Who determines the assessed value of a property?
The Municipal Property Assessment Corporation (MPAC) was established by the Ontario Property Assessment Corporation Act. MPAC started operating on December 31, 1998, when the Government of Ontario transferred responsibility for property assessment to the Corporation.
What does MPAC do?
MPAC administers a uniform, province-wide system based on current value assessment. It provides municipalities with a range of services, including the preparation of an annual assessment roll for use by a municipality in calculating property taxes. MPAC carries out its activities in accordance with the provisions of the Assessment Act, as well as regulations issued under the Act by the Province of Ontario.
How does MPAC establish the assessed value of my property?
The real estate market determines the value of properties. MPAC analyzes market information from similar types of property in your area to establish your property's value. Any one of three methods may be used for this analysis: the selling price of a property (residential), the rental income a property generates (office building), or the cost to replace a property (industrial). Each method takes into consideration the location of a property, the size and quality of any buildings, and features that might add to or take away from a property's value.
What will my assessed value be used for?
The assessed value of a property will be used by the municipality to calculate the amount of the property taxes.
How are residential property taxes calculated?
Residential property taxes are calculated using your assessed value, the municipal tax rate, and an education tax rate, which is set by the Province of Ontario.
The formula is:
Assessed Value x Municipal Tax Rate = Amount of Municipal Property Tax
Assessed Value x Education Tax Rate = Amount of Education Property Tax
Municipal Property Tax + Education Property Tax = Your Property Taxes
If my assessed value changes, will my taxes change?
It depends in part on whether your assessed value goes up or down more than the values of similar properties in your community. The assessed value is only one part of the process of setting property taxes. A lot depends on the revenue requirements of the municipality, as well as the amount required by the Province to fund education. As well, Provincial legislation affecting municipal taxation may be amended, which could affect municipal tax rates. Only by applying the current tax rates to your property can you tell if a change in your assessed value will result in a change in your property taxes.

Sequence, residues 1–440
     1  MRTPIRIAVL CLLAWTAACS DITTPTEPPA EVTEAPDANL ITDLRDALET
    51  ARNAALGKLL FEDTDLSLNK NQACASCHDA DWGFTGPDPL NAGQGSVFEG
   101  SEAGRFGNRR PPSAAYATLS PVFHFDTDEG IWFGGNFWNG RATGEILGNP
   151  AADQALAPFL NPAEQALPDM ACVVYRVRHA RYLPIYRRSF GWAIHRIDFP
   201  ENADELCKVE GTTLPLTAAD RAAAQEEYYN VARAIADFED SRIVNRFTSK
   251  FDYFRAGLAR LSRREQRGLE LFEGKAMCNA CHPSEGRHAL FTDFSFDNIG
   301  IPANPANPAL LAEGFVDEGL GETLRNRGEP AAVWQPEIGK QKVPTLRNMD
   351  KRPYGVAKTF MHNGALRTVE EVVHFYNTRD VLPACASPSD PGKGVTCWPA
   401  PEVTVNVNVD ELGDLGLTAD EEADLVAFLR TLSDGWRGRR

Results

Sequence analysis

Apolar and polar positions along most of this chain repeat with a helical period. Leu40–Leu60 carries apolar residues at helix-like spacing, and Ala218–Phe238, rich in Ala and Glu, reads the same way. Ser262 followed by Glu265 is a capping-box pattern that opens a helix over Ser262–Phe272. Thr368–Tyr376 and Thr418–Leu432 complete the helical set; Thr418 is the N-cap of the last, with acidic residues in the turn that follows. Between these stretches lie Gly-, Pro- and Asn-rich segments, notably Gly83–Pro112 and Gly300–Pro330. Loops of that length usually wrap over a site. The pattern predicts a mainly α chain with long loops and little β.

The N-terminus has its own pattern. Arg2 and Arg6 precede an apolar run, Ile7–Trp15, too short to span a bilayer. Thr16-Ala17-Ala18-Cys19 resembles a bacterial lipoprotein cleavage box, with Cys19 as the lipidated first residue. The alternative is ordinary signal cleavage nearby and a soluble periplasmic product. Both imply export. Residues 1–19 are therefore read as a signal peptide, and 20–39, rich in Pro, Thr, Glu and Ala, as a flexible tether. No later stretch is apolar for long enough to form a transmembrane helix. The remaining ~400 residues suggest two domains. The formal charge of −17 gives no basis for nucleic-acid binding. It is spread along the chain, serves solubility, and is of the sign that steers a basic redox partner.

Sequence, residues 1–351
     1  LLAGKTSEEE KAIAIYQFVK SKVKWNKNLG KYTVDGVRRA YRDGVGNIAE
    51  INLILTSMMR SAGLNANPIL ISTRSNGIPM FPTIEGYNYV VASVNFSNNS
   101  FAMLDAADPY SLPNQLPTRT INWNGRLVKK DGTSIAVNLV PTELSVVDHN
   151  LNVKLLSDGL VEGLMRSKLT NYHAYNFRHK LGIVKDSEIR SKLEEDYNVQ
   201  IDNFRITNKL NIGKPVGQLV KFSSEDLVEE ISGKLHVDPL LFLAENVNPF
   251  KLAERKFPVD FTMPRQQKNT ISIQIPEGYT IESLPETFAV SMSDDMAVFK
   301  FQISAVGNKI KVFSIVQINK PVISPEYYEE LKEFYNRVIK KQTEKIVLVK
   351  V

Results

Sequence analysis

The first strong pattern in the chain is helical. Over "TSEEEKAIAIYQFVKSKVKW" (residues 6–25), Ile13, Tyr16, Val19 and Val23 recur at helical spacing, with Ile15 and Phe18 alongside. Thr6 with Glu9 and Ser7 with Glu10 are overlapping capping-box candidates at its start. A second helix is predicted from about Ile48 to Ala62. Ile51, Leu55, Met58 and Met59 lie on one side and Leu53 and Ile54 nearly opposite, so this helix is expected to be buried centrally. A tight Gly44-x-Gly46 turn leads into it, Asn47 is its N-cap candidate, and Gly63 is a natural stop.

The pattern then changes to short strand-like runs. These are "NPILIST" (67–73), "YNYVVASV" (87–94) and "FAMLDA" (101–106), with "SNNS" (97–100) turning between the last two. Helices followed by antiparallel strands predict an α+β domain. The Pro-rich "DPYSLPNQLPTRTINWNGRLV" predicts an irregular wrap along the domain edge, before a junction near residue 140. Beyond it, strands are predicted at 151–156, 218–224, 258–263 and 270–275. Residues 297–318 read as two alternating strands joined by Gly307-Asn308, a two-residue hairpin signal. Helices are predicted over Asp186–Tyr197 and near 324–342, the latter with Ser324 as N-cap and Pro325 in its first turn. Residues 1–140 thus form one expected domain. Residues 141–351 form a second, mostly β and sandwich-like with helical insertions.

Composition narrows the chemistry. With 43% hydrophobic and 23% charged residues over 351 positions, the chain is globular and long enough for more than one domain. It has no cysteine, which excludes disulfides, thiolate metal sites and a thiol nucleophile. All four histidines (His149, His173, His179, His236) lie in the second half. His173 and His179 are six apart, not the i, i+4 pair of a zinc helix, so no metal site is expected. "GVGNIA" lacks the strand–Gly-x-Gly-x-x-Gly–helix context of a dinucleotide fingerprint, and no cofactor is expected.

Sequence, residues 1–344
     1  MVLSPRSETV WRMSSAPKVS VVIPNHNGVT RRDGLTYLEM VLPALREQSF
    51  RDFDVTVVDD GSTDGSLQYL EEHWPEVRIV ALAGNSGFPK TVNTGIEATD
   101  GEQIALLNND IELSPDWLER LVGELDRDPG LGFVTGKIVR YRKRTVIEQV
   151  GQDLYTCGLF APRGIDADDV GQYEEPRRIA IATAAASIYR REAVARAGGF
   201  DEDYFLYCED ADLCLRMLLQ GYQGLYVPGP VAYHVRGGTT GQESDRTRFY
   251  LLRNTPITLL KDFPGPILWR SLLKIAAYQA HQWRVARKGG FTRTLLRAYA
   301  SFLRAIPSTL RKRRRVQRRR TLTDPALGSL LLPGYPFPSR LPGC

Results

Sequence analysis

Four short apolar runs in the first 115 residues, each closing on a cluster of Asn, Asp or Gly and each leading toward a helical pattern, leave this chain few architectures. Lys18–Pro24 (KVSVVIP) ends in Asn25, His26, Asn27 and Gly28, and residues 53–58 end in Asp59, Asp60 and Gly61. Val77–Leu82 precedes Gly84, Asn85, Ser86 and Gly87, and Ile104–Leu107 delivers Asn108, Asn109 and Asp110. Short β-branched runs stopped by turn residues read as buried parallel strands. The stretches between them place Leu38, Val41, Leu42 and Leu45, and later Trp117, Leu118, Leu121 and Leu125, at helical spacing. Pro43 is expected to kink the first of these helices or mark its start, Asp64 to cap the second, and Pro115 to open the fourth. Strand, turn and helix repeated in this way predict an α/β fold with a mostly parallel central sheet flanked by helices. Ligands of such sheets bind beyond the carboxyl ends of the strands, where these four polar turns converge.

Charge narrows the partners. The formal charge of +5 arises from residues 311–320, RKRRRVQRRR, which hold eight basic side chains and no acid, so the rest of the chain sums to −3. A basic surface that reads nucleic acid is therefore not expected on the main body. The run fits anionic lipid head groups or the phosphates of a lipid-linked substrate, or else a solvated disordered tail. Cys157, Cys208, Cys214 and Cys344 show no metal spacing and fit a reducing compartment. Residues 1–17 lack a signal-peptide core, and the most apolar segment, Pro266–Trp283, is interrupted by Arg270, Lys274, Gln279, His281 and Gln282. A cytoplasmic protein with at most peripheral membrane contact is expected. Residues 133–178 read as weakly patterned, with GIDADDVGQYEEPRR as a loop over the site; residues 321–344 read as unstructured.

Why has my assessed value changed?
The values of all properties in Ontario have been updated from a previous valuation date to a new valuation date. Changes in assessed values reflect any increases or decreases in the values of properties in your municipality. For the 2009 year and beyond, increases in the values of properties are phased-in over a four-year period.
How can I find out the assessed value of properties similar to mine?
MPAC offers the AboutMyProperty service on their website to learn how your property was assessed and compare your property to others in your neighbourhood. It is very user-friendly and quite simple. Search properties by roll number or street address.
Shouldn't my assessed value be the same as the purchase price?
The sale of real property is affected by many factors, such as a buyer's desire to acquire a particular property and a seller's willingness to reduce the sale price in order to achieve a sale. This could result in similar properties selling for different amounts, which would result in different taxes. MPAC determines an assessed value that is in the middle range of selling prices for similar properties. This ensures that the tax burden is equitably shared among similar properties.
Another reason the assessed value and price might not be the same is that the market may have changed between the valuation date and the date you purchased your property.
What if I don't think my assessed value is correct?
You can ask MPAC to review your assessed value through a process called Request for Reconsideration. If the reconsideration process results in a change to your assessment, it will be made. If not, you can file a complaint to an independent tribunal called the Assessment Review Board. Both yourself and MPAC will be asked to appear before the Board at a hearing to present evidence. The Board's decision would be binding for both you and MPAC and, if it reduces your assessed value, your taxes would be adjusted by the Municipality of Chatham-Kent. The Municipality of Chatham-Kent also has the right to appear at your hearing before the Board.
Who do I contact if I have questions?
If you have questions about your Property Assessment Notice, assessed value, or about assessment in general, contact the MPAC office at 1-866-296-6722 or visit their
MPAC website. If you have questions about your municipal property taxes or municipal tax rates, contact the Chatham-Kent Tax Office at 519-360-1998 or email